The legal representative of a Bromley restaurant suspected of housing multiple illegal workers has accused the local authority of being “aggressive” by pushing for their premises licence to be stripped.

Award-winning Westerham restaurant Shampan at the Spinning Wheel fronted Bromley’s licensing committee after a March 13 raid by by council officers, police and immigration authorities.

The incident saw four men detained on suspicion of being illegal workers, while 25 beds were also found in the premises – with the council alleging the “vast majority” were being used by residents living at the business.

Council officers also found safety issues regarding gas and electrical appliances used in the restaurant.

However the legal representative for Shampan, Patrick Whur, poked at a lack of evidence on the allegations that illegal workers were living at the site, and urged councillors to remember an investigation into it was ongoing.

Mr Whur called the business “a real company of substance”, adding it was one of the three Shampan restaurants operating in south-east London.

He said “it would be disproportionate and unfair” for the council to jump straight to revocation of the licence, saying the investigation was ongoing, while denying any notion the business was “systemically cheating” by “bringing people into the country to work”.

“We don’t have a civil penalty that’s imposable against my clients, we don’t have a criminal sanction against them, and that’s critically important” he said.

He added there was no evidence “other than a statement from the first person detained” that there was people living in the rooms.

This Is Local London: One of the beds found in the raid. Image: Bromley Council One of the beds found in the raid. Image: Bromley Council

He also said he had been “surprised with the approach” of council officers, who had pushed for the licence to revoke given the seriousness of the suspected offences.

“I haven’t been in review where the officer led position has been quite as aggressive as this, it’s quite surprising,” Mr Whur said towards the end of the meeting.

Introducing the review earlier in the meeting, Bromley Council’s acting head of health, safety and licensing Steven Phillips urged committee members to “seriously consider” revoking the licence for the premises.

“Clearly it is my submission that on 13 March serious and ongoing issues were occurring,” he told the virtual meeting.

He added the council’s health, safety and licensing teams found “poor company practices and policies” during the raid which spoke “volumes about the way this premises was being run before 13 March”.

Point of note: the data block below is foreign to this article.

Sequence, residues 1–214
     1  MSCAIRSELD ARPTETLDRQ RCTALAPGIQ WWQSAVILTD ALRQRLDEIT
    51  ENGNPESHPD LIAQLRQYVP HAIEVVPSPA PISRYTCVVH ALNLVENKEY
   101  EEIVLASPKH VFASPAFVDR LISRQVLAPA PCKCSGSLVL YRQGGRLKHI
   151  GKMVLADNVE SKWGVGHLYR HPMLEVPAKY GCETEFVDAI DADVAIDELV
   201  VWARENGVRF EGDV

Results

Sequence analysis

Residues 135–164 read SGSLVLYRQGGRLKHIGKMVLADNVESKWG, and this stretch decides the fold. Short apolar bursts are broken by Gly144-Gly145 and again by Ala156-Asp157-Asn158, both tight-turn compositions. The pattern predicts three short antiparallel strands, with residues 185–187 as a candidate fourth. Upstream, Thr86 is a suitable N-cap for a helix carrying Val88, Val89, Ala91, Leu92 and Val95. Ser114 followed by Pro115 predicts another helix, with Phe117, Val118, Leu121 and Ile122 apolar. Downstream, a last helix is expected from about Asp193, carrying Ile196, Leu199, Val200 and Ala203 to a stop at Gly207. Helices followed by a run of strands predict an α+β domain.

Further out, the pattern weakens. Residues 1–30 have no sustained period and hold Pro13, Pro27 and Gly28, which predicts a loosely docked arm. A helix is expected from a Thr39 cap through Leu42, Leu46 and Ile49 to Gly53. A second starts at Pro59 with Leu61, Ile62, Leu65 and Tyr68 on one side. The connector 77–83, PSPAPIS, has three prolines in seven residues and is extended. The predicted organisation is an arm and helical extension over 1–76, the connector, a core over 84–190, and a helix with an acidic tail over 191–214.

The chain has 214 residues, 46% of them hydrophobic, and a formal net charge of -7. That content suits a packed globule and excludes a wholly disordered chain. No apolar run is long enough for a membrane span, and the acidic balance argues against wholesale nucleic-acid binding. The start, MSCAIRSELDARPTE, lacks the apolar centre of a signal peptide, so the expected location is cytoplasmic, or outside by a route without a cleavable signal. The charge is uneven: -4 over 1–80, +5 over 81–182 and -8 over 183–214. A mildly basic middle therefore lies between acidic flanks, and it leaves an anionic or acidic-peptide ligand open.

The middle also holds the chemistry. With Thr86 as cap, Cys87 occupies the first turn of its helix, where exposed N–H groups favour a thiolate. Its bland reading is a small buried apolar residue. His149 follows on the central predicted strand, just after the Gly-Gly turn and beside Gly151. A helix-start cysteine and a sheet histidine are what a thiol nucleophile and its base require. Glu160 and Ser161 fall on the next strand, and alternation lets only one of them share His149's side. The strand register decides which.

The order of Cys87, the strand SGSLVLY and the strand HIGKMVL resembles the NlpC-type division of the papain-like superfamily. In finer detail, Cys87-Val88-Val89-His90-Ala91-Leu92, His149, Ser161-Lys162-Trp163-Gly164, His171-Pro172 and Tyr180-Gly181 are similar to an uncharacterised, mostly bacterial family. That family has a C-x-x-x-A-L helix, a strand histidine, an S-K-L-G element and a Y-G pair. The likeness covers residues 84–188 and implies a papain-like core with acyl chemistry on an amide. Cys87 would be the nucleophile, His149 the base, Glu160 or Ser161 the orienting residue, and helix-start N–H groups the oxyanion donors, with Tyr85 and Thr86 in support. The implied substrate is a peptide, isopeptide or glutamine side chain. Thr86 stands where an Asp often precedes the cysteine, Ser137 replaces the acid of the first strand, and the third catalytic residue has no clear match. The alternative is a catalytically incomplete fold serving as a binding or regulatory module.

All three councillors on the committee had earlier confirmed they’d eaten there before, with Cllr Anthony Owen also revealing the Spinning Wheel previously hosted an Orpington Conservative Association Dinner.

This Is Local London: One of the rooms in the premises. Picture: Bromley CouncilOne of the rooms in the premises. Picture: Bromley Council

Sufian Miah, the premises licence holder, said the business had proudly operated “at the fine end of Indian fine dining” in the borough for 30 years.

He said it was a “reputable business” which has won numerous awards, with the alleged offences “damaging our reputation”.

Councillors were told by Mr Miah that the Shampan group had gone into liquidation in December,  resulting in a major reshuffle of positions and management within the company.

Councillors had earlier asked officers and immigration authorities how sure they were that people were living in the dozens of beds found in the raid.

Officials said there was a large amount of personal clothing hanging up in wardrobes and on beds throughout the seven bedrooms at the business, as well as personal toiletries in the bathrooms and at least 50 pairs of shoes.

A man arrested in January, a Bangledeshi national, had also named the restaurant as his home, an immigration officer confirmed to the meeting.

However, Mr Miah denied anyone was living at the restaurant, saying that staff used the beds to rest between shifts and sometimes stay the night if they had worked late.

This Is Local London: Images showing some of the beds found in rooms at the premises. Image: Bromley CouncilImages showing some of the beds found in rooms at the premises. Image: Bromley Council

He said the business had stockpiled the beds thinking that one day they may host “a massive event” where a lot of people were going to stay.

However this hadn’t happened he said, and since the raid they had removed about 11 of the beds.

He said staff who worked late often had “a little get together” at the end of the night, where they would play cards, talk about football,  or watch a movie – part of a “family unit” he said was fostered across the businesses.

Often if it was late those staff would spend the night, saying it had “never been an issue” with management.

“They’re purely for resting purposes, purely for somewhere to mooch out,” he added of the beds.

Immigration authorities confirmed an investigation was ongoing to decide what civil penalty could be imposed after four suspected illegal workers were arrested in the raid.

He said they were given an opportunity to bring their possessions before they were taken away, with all four heading back to the rooms to pack their bags.

The officer said the four were served with immigration enforcement notices,  with their office currently considering whether to impose a civil penalty.

The licensing committee will now consider a verdict, with the result to be decided within five working days of Wednesday.